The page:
In a connected world, managing your corporate reputation and brand has become more complex. Several short case studies are used to illustrate approaches some organisations are taking – in particular how reputation impacts on our approaches to development and corporate sponsorship.
What you will have gathered from my biography is that I am not a marketer; I am a development director primarily. I am partially responsible for communications at ENO but the reason I am here is that the focus of our discussion today is corporate reputation in relation to partnerships and ethical sponsorship. It does also overlap into other areas like programming and media.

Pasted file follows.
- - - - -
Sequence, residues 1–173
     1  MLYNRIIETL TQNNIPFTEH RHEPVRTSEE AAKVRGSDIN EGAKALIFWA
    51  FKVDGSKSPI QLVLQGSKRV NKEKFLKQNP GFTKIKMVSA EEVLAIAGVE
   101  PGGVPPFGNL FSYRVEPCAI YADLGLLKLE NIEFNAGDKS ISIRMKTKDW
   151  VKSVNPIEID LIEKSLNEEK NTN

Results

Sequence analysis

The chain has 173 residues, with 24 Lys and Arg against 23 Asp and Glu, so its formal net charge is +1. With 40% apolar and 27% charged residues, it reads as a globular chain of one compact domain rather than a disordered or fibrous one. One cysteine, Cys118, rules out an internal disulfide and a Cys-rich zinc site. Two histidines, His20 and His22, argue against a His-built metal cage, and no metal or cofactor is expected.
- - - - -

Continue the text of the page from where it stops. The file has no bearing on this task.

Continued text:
So what is corporate reputation? It’s worth looking at what that might be. What is it we are worried about exactly? Is it the brand, the way we’re seen in the press, how our audiences perceive us, the funders? Is it the expertise and intellectual assets – and that it might be affected in some way? I’ve worked in a lot of museums and the academic reputation can be very important. Or is it the programme or collection?
I think you need a clear understanding of why you exist. It’s also important to know who we are accountable to and identifying that very clearly. If that is clear then the other aspects follow.